Ramblings From the Ragged Crumbling Edge Of The Reality-Based Community

Monday, February 02, 2004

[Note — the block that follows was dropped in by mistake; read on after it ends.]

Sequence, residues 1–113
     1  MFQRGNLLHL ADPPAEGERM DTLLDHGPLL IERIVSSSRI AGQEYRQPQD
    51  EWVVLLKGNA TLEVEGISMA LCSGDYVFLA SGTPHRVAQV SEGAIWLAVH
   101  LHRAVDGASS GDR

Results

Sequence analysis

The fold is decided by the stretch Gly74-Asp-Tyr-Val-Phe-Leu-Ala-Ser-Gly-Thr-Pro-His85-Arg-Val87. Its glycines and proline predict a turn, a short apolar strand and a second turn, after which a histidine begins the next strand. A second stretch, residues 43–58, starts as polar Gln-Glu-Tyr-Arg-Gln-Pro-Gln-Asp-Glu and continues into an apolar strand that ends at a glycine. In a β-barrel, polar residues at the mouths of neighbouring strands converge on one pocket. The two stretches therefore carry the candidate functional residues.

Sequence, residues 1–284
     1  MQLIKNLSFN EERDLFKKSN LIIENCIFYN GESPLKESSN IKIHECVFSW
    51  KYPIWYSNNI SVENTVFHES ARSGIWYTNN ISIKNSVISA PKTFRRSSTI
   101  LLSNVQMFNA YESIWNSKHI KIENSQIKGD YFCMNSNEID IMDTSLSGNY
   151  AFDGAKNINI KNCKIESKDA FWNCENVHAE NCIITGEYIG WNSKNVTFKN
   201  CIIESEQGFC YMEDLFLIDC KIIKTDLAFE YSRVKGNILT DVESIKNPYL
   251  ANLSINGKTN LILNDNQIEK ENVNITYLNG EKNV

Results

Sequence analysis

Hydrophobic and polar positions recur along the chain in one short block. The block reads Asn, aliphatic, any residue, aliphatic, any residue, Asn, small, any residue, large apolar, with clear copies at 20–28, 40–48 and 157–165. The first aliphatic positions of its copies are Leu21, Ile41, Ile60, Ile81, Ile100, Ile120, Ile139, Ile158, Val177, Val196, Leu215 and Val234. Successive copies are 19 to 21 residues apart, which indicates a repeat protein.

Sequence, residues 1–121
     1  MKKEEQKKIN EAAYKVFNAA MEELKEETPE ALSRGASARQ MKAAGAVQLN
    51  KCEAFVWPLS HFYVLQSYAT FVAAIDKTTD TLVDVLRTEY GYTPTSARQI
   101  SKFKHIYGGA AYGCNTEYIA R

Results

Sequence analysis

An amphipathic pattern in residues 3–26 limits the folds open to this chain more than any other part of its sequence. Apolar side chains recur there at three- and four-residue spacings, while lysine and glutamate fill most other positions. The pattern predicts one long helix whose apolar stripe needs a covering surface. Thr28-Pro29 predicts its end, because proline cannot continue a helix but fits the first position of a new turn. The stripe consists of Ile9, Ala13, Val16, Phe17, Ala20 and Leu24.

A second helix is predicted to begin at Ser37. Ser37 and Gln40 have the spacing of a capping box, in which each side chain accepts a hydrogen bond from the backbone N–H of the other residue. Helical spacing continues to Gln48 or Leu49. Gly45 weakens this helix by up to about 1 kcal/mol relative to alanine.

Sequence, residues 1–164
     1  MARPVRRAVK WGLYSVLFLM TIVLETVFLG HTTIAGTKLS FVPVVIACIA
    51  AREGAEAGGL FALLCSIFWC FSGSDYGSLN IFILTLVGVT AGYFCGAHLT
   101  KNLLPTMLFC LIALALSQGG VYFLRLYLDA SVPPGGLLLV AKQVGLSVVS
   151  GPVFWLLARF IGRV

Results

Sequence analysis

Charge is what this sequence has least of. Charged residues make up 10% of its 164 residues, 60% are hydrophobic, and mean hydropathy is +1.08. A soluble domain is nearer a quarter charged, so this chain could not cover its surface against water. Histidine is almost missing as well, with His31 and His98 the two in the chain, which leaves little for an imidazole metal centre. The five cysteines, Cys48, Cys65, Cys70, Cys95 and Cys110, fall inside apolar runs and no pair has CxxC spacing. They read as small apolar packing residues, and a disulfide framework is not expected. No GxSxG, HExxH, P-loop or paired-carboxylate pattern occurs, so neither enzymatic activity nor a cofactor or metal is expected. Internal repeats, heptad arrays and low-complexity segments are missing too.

...back in 1995, the U.S. Fish and Wildlife Service began importing wolves into the greater Yellowstone ecosystem in an effort to reintroduce this predator to that ecosystem. This effort was undertaken not only to honor part of the Service's mission to restore extirpated species into their former home range but also to attempt to restore a degree of natural balance in the predator/prey relationships that would otherwise have been naturally been found in these high wild places had not a century of aggressive hunting and trapping erased wolves from the picture. The introduction of a reliable predator capable of managing otherwise unthreatened elk populations played a role in this decision. Because of the lack of human pressure within Yellowstone National Park itself, wolf populations have increased impressively in a relatively short period of time. It is now becoming apparent that benefits beyond the mere natural reduction of elk herd size are being realized as a result of this experiment. Riparian vegetation that has been subject to overbrowsing for decades is beginning to flourish as a result of changed behavior patterns by the elk herds; this improvement in the health of riparian vegetation yields a secondary benefit in the increased shade provided to streams, which lowers the water temperature in park streams and improves the living conditions for resident fish species dependent on cool water for success, if not survival.